AuthorTopic: Crocodingus [iPhone version]  (Read 20187 times)

Offline big brother

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Re: Crocodingus [iPhone version]

Reply #30 on: January 14, 2009, 05:13:52 pm
A single big banana could be more visually identifiable than the cluster. But you'd have to do something about the yellow, it blends in with the grass.

Offline Shrike

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Re: Crocodingus [iPhone version]

Reply #31 on: January 17, 2009, 04:31:54 pm
I agree, one banana would be better than the bunch.  Rather than change the colors, I suggest a 1px outline outside of all the power-ups (star, banana.)  Not around the enemies, just power-ups.  I like the colors as they are.  Also, make the one banana thick n' juicy, they look skimpy atm.  Good work, I like it.

Toodles!
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Offline Mathias

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Re: Crocodingus [iPhone version]

Reply #32 on: January 20, 2009, 06:08:02 pm

I think it's important that the ground tile contains a lot of eye candy in it's pattern, while the walls are all about adding depth to the equation...and if posible those ground tiles one floor above the playing ground should NOT have the same texture as the ground, since they're not playable.

I think that's a wonderfully logical rule. I totally agree. The "fun-factor" in a game is an abstract element, and nobody can clearly define it, or create a failsafe recipe for perfect gameplay fun every time. So, violoating little things like this, like what Conceit mentioned, detract from the game's fun because now your distracted with mundane things like trying to figure out what's out of bounds, etc, creating the opposite of fun - frustration. We've all played games that nickel-and-dime the fun away until it all that's left is annoyance.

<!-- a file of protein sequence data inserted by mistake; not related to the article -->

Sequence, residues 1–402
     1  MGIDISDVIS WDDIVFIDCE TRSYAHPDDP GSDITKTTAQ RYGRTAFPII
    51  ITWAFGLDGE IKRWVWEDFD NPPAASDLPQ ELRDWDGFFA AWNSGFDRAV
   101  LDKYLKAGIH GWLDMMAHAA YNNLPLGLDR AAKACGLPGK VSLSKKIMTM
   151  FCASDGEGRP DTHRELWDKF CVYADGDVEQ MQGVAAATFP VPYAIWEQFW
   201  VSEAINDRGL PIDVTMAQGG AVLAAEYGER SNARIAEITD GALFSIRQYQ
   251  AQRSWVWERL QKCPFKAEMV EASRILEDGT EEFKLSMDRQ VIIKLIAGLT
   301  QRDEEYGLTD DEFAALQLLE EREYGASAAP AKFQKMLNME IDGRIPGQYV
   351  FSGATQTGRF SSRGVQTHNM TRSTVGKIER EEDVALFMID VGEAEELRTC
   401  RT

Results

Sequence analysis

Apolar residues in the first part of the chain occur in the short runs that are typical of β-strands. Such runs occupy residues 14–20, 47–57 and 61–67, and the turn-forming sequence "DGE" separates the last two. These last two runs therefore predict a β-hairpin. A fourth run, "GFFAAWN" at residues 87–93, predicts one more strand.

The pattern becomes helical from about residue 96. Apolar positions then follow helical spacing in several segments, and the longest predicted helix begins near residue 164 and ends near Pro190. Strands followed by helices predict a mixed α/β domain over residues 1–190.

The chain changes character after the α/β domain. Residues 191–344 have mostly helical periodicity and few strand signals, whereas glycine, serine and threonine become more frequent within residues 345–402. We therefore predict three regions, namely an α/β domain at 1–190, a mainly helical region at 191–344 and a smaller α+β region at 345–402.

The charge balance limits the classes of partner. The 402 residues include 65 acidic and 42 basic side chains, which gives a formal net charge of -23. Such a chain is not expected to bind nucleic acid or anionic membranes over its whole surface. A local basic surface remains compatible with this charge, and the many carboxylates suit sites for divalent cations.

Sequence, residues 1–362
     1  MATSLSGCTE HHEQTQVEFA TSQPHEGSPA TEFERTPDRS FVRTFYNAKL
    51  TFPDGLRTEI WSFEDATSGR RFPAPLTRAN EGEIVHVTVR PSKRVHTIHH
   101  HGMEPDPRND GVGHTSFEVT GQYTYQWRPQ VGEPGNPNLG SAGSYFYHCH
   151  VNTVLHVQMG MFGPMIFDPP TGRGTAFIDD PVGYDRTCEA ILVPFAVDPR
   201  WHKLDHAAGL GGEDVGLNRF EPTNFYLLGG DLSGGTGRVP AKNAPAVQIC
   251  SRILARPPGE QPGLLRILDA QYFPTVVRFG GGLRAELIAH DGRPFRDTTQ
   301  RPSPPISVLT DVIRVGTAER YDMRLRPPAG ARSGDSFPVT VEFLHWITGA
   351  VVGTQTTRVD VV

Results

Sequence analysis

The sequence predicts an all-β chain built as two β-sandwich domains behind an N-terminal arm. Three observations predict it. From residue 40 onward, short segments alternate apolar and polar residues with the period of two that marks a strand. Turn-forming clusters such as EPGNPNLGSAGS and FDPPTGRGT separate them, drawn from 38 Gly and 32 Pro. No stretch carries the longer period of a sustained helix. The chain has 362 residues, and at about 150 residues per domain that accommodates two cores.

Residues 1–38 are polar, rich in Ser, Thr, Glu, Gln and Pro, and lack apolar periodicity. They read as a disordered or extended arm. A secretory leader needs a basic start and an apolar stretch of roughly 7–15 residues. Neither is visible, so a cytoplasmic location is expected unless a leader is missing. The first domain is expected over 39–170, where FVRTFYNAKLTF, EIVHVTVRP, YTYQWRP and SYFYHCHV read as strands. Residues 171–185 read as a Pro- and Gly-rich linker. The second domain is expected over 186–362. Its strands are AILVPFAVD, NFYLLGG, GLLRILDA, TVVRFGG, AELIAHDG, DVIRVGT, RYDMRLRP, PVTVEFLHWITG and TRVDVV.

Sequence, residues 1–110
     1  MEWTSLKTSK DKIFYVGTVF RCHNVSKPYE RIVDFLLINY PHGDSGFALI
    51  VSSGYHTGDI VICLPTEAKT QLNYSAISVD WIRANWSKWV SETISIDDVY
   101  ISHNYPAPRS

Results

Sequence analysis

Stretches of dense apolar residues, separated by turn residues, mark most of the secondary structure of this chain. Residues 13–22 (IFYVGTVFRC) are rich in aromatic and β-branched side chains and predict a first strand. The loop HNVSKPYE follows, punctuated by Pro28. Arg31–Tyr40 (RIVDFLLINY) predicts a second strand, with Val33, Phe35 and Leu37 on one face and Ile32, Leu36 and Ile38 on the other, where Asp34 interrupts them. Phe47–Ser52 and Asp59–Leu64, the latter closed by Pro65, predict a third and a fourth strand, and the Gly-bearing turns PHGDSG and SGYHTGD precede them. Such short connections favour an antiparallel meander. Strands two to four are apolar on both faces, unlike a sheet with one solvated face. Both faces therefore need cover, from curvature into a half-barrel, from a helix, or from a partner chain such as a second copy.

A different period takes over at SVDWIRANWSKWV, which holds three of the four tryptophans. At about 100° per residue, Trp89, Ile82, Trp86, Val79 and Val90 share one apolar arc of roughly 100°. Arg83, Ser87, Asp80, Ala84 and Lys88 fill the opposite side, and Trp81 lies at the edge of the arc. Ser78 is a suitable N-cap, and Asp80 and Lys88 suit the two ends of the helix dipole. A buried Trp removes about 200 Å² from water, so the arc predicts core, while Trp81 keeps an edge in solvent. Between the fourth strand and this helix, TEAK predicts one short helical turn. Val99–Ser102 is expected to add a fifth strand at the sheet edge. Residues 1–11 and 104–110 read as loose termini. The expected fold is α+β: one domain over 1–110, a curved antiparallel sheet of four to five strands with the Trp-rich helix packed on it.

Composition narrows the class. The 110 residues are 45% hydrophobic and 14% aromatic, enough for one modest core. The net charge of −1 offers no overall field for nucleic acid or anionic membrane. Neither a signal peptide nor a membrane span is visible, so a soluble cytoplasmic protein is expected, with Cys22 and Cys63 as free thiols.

I would like to cast my vote on the contrast-eye-bleeding-too-much-brightness issue - Helm has the right idea, yet ptoing's edit is the one I strongly favor.

Btw madPXL, the 3D world you've created is outstanding. Very cool style!

Offline Conzeit

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Re: Crocodingus [iPhone version]

Reply #33 on: January 20, 2009, 07:08:00 pm
Just thought I'd post something concerning the mid-day sunshine thing =)

http://www.itchy-animation.co.uk/tutorials/light03.htm
Quote
Midday sunshine

When the sun is at its highest point in the sky the light is at its whitest and strongest. Contrast is very high, shadows are very dark, so dark in fact that film emulsions generally render them black - although with the naked eye it can still be possible to see some detail in the shadows. For this kind of lighting to be believably recreated it needs to be very strong and high contrast.

The strong light has the effect of bleaching out colours and these appear to be less saturated than at other times of the day. The strong contrast can make it difficult to create appealing images in this sort of light, however in situations where contrast is naturally lower it can work very well. Water for example can really benefit from this strong light, and many images of tropical seas are taken at midday. In other cases the high contrast can be used to creative effect.